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post #16 of 506 (permalink) Old 10-16-2005, 12:26 AM
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Yes, its is the right front, but 1953 is that correkt?
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post #17 of 506 (permalink) Old 10-16-2005, 01:48 AM
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http://forums.atlasf1.com/printthrea...threadid=64987
I was searching on the net and found this. It seems that these questions are not new to you
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post #18 of 506 (permalink) Old 10-16-2005, 03:26 AM
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info from http://forums.atlasf1.com/showthread.php?postid=1895887

Bonnier took over the Alfa Romeo dealership in Sweden in 1954 and thet was the key to his racing career. He raced several different Alfas in Sweden and got this old Disco in 55. He managed to wrap it round a tree in practice for the Helsinki races and sent it back to Italy where Zagato did a new open body for the car. But it was John Kvarnström who debuted the rebuilt car in the Swedish GP, as Jo concentrated on his new 1900 Zagato in a supporting race.
The other Alfa owners were not part of a team. They had just bought their cars from JoBo. And sometimes he got some pretty interesting cars in exchange.
In the spring of 56 Jo left his car dealership and started Scuderia Bonnier. He went for full-time racing on the continent with a new Maserati 150S, the Disco and his road car, an Alfa 1900.
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post #19 of 506 (permalink) Old 10-16-2005, 03:46 AM
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http://img37.imageshack.us/my.php?lo...ospider8ol.png
This picture from carlo, explain a lot


I think that my knowledge is cleared up regarding 6C3000CM .It is the referring to Disco Volante that have made my knowledge misinterpreted. The Disco has always been spiders to me , expect the for Touring Coupe.
But the Swedes do also refer to the Colli Coupes 6C3000CM as disco.
But I got a little wiser in my knowledge on 6C3000 CM . thanks
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post #20 of 506 (permalink) Old 10-16-2005, 10:41 AM
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The story of the "Disco Volantes" is very confusing, and I am sure we do not know all the details. One question I have is why is the car now painted in the national colours of blue and yellow? Was it ever painted this way "in period"? The car appears to have been red originally. In an old English magazine, circa 1955, there is a photo of the Bonnier Zagato car sitting next to his 1900 TI berlina, at an event in England, but I can not find which magazine and the copy of this photo.

The 6c3000 CMs and 6c3000PR have been called Disco Volantes for many years, in many articles. In my opinion, they should not be called Disco Volantes. The Disco Volantes should ONLY include;

The 2 and 3 liter spiders with the C-52 "flying saucer" coachwork
The one-of-a-kind C-52 2 liter coupe with "flying saucer" coachwork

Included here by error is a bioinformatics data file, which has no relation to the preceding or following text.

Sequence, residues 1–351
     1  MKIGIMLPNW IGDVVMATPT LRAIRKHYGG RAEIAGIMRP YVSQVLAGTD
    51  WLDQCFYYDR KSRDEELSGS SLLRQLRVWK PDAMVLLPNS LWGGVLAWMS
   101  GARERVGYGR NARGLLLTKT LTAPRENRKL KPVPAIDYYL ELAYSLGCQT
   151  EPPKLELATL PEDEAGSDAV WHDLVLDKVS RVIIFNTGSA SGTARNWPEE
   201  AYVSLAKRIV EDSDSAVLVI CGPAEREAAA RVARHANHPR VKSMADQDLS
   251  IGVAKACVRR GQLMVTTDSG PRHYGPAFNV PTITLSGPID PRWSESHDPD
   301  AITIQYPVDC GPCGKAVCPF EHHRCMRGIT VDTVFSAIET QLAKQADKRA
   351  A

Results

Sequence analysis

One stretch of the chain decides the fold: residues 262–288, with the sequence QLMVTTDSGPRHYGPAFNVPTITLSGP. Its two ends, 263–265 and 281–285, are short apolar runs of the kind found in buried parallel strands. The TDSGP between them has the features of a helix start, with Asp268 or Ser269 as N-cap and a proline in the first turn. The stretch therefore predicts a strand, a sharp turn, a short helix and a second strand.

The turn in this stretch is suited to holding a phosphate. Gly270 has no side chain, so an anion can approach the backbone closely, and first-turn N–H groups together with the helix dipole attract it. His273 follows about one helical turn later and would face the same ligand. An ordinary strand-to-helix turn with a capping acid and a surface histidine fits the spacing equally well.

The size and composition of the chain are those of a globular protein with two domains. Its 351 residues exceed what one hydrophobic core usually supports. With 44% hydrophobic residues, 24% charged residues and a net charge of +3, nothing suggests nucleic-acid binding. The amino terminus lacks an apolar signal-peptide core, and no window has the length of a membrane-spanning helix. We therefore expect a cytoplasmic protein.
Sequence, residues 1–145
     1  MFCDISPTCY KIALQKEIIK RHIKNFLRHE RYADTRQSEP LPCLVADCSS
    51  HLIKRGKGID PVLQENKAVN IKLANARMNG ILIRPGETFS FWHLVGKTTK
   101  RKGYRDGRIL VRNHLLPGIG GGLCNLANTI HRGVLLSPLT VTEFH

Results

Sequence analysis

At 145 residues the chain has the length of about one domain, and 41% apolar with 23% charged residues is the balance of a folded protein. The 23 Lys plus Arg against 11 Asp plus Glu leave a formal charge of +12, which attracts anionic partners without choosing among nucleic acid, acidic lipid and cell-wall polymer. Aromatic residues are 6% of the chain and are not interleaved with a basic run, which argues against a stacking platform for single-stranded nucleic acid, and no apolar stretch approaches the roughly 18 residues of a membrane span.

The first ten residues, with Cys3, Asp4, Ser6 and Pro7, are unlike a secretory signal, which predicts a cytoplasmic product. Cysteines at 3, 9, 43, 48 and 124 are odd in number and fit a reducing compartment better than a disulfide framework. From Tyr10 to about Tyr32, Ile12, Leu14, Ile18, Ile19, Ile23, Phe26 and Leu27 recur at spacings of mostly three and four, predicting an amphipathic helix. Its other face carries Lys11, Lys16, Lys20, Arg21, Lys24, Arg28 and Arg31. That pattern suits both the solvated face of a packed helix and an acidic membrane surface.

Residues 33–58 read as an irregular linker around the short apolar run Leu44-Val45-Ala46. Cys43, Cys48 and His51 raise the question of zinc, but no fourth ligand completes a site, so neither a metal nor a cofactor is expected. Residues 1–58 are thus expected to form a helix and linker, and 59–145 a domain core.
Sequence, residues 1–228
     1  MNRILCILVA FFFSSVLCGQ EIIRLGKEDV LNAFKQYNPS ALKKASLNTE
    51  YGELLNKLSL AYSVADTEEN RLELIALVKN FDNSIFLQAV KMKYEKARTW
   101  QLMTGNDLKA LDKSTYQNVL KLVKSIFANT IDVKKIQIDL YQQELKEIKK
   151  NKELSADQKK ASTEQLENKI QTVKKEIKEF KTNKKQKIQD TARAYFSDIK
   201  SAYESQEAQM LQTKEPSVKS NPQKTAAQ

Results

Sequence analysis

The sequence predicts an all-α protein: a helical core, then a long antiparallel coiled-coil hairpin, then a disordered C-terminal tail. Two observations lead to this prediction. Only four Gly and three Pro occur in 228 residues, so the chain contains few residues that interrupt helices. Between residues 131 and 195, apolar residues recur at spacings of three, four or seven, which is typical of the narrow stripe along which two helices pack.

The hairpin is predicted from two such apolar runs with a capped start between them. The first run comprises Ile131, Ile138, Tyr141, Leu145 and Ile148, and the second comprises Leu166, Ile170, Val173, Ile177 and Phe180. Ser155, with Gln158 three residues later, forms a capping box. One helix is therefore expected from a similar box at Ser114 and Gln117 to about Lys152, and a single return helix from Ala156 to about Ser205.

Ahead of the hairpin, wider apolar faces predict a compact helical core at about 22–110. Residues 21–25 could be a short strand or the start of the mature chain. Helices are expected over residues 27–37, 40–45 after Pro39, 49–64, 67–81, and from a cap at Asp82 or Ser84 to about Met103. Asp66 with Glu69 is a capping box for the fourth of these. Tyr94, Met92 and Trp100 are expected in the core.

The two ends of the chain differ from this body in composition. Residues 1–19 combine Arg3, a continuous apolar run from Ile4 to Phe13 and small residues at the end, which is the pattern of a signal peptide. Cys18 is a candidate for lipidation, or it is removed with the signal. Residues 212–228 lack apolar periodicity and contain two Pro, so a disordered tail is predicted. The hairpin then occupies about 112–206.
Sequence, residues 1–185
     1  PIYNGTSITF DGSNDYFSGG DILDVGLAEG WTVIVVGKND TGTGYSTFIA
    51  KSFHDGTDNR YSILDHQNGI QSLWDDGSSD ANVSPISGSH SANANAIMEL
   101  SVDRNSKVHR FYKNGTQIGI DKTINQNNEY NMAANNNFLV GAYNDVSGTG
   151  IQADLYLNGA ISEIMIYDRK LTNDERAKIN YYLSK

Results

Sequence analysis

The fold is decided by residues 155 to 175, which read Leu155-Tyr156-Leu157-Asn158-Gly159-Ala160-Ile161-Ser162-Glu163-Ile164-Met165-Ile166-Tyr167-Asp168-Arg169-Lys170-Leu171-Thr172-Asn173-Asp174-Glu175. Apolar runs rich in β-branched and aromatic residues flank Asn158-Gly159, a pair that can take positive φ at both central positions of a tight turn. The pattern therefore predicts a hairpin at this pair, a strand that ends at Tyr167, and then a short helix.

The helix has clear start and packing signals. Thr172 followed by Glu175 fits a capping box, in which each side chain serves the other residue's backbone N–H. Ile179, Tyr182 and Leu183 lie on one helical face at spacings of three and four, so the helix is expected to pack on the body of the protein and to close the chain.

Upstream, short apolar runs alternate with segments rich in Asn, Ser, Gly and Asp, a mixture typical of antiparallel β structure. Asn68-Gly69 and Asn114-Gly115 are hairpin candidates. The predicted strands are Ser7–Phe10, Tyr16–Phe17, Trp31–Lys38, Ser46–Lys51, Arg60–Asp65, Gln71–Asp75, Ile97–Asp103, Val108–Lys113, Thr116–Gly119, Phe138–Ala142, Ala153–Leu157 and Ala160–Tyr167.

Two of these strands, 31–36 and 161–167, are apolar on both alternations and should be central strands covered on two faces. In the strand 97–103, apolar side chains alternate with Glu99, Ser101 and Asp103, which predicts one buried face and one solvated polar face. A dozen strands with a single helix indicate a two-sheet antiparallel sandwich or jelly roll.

The one-of-a-kind slab sided C-52 spider raced by a French driver, which is now in the Schlumpf museum
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post #21 of 506 (permalink) Old 10-16-2005, 11:21 AM
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Yes , I can only give you right the C52 by Touring is the Disco Volantes, if it should be correct even the slab sided should be rejected , as to my knowledge it vas produced by Colli prior to the 6C3000CM. But the cooperation between Touring and Colli should have been very close, as things went boot ways, design from touring to Colli and parts from Colli to Touring. And I think that is one of the reason that the theme Disco Volante,has become such a confusion.

But what with the missing spider and coupe. Where are they
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post #22 of 506 (permalink) Old 10-16-2005, 12:30 PM
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The reason I include the slab sided car among the Disco Volantes is that it is exactly the same as the other C-52 cars, except for the coachwork, which, as you say, is by Colli. I am not certain if only one, or two cars were built with the C-52 Touring spider coachwork, and the 3 liter (NOT 3.5 liter) motor.

I am 90% certain only one 6c3000CM spider was built; the Supercortemaggiore car.

The 6c3000CM Zagato spider is a re-body of a Le Mans/Mille Miglia coupe.

In my opinion, the 6c3000PR spider should NOT be considered as part of this group.
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post #23 of 506 (permalink) Old 10-16-2005, 04:29 PM
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Quote:
Originally Posted by dretceterini
The reason I include the slab sided car among the Disco Volantes is that it is exactly the same as the other C-52 cars, except for the coachwork, which, as you say, is by Colli. I am not certain if only one, or two cars were built with the C-52 Touring spider coachwork, and the 3 liter (NOT 3.5 liter) motor.
Yes, the slab sided car is identical in its structure, mechanicals and coachbork building, so it can be considered a variant. The second 3-litre is a long lasting mistery...

Quote:
I am 90% certain only one 6c3000CM spider was built; the Supercortemaggiore car.
Well, to me it's an open question, as there are witnesses saying opposite.

Quote:
The 6c3000CM Zagato spider is a re-body of a Le Mans/Mille Miglia coupe.
I agree it's the acknowledged version.

Quote:

In my opinion, the 6c3000PR spider should NOT be considered as part of this group.
That's the other end of the 'open question' above. The only existing illustration is a drawing in Fusi showing it so close to the Colli cars look that I still wonder about the recollection of the Spider crashed at Monza.

Of course it's not related to proper Disco Volantes, but it's a close parent of the 6C3000 CMs, even if capacity was back to 3000. As far as I know, it shared a similar tubular frame, if shortened, and mechanical parts such as transmission and suspensions.
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post #24 of 506 (permalink) Old 10-16-2005, 05:45 PM
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I know that there are "stories" of a second 6c3000CM "Supercortemaggiore" style car, but have you seen any real evidence of it's existance?

Have you found any further details about the motors in the 3 liter C-52 car?